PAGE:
Defendant contends this ordinance is ambiguous and in conflict with a subsequent ordinance, Section 22-19-2 which grants as a permissible use the keeping of a household pet. If Section 22-1-16, were interpreted literally, the family dog and its kennel could not be kept within 40 feet of any dwelling, including the owner's. The reference to the location of a barn, stable, etc. is directed to its position from the street. The terms "keeping" or "maintaining" an animal are ambiguous and are not specifically within the context of the ordinance confined to the keeping of an animal, within one of the specified enclosures. If interpreted literally, the ordinance would prohibit the family dog from entering the owner's fenced backyard, if it were located within 40 feet of any dwelling.

The rules of statutory construction are helpful when there is doubt or uncertainty as to the interpretation of a statute. In Heathman v. Giles[5] this court stated:

... The rule of noscitur a sociis, literally "it is known from its associates," requires that the meaning of doubtful words or phrases be determined in the light of and take their character from associated words or phrases. Sutherland in his treatise on Statutory Construction states: "... where two or more words are grouped together and ordinarily have a similar meaning, but are not equally comprehensive, the general words will be limited and qualified by the special words."

If the terms of the ordinance are construed together, the apparent intent was to prohibit the location of a barn, stable, etc. where an animal is kept, within 40 feet of any dwelling. The term "pen" must be determined in the light of the associated words "barn," "stable," "coop" and "corral." Although a dog run may be considered literally a "pen" in the sense that it is an enclosure, it does not necessarily have the noxious nature analogous to the other structures set forth in the ordinance.[6]

Furthermore, the appropriate term to be included in the ordinance, if there were an intention to prohibit the keeping of dogs, within the proscribed distance, was "kennel."

ELLETT, and TUCKETT, JJ., concur.

HENRIOD, Chief Justice (dissenting).

This is an appeal from a summary judgment ordering that defendants "be ... restrained from keeping and maintaining dogs or other animals in pens or runs within 40 feet of residence of the plaintiff and they shall remove the run presently and now existing," there having been a violation of Section 22-2-16, Salt Lake County Ordinances 1966. The case should be affirmed with costs.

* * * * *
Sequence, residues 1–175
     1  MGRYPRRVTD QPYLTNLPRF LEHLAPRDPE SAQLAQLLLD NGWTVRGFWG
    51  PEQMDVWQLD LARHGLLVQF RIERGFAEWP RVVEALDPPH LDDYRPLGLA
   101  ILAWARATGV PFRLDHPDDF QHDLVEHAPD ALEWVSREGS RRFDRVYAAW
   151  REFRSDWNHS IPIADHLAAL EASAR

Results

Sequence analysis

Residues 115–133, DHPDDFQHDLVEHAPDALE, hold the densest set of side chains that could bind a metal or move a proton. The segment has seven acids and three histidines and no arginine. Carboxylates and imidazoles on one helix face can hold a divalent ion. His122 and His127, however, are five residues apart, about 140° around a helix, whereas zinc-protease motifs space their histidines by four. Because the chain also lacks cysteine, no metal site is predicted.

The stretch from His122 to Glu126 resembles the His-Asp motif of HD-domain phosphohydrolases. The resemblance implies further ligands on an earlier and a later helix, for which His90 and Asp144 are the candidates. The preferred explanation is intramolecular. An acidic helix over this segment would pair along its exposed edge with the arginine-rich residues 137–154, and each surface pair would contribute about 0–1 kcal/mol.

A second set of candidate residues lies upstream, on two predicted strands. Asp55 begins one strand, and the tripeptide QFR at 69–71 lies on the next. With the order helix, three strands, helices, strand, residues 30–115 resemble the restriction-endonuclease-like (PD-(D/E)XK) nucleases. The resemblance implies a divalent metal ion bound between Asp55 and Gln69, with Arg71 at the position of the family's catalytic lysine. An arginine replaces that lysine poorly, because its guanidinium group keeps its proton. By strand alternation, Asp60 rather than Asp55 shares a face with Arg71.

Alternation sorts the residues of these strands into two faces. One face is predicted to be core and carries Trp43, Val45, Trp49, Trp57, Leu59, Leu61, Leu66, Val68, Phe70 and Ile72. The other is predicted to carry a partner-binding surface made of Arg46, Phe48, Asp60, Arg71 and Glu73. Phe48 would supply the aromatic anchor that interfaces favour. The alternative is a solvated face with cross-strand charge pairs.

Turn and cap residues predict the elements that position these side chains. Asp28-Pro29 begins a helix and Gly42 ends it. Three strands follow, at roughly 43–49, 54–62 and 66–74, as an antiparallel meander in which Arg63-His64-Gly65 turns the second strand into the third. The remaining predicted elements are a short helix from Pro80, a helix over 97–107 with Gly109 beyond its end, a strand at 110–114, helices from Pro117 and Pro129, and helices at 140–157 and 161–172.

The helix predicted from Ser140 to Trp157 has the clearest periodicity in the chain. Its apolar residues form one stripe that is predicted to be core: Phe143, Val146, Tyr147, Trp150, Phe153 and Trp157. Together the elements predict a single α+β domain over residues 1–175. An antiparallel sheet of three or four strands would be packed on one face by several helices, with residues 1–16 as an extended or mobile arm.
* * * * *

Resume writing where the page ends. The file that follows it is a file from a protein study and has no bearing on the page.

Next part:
Defendants have referred to other ordinances having to do with animals, pets, fowl, canary birds, and the like, in the main opinion, that seem to be inconsonant with the Call of the Wild, subject of this litigation.

The discovery process developed the fact that there was a violation of the ordinance, and it appears that as a matter of law there was no genuine issue in that respect.

The order of the court is not unreasonable and is in harmony with action and procedure prescribed in the enforcement of the ordinance. The dogs must do one thing one way, I suppose, and canary birds another; but counties, I take it, should have *941 considerable latitude in controlling them by ordinance.

The main opinion seems to express a certain amount of affection for dogs. So do I, but mostly on the ranch. This case has its problem with barks and odors and with pens and corrals. The opinion pushes the Noscitur a sociis a bit too far in disassociating the former from the latter as to nuisance values, seemingly justifying the presence of the Hound of the Baskervilles in a "pen" in a contiguous neighbor's back yard to the exclusion of Black Beauty, which lovely horse, is relegated to a "corral." It is like saying that a cargo that is not carried in a car but is something to be carried in a ship, is something different than a shipment that is carried in a car and not in a ship, albeit it is one and the same commodity and the same by hundred-weight.

I am of the opinion that the trial court should be affirmed.

CROCKETT, J., does not participate herein.


[1] 3 Anderson, American Law of Zoning, ยง 23.11, p. 637; Verner v. Redman, 77 Ariz. 310, 271 P.2d 468 (1954); Schubach v. Silver, 9 Pa.Cmwlth. 152, 305 A.2d 896, 902 (1973); Cord Meyer Development Co. v. Bell Bay Drugs, Inc., 25 A.D.2d 744, 269 N.Y.S.2d 67 (1966).

[2] Raimonda v. Cahn, 26 A.D.2d 549, 271 N.Y.S.2d 604 (1966).

[3] Note 1, supra.

[4] At P. 905 of 305 A.2d.

[5] 13 Utah 2d 368, 369-370, 374 P.2d 839 (1962).

[6] W.S. Hatch Co. v. Public Service Commission, 3 Utah 2d 7, 11-12, 277 P.2d 809 (1954).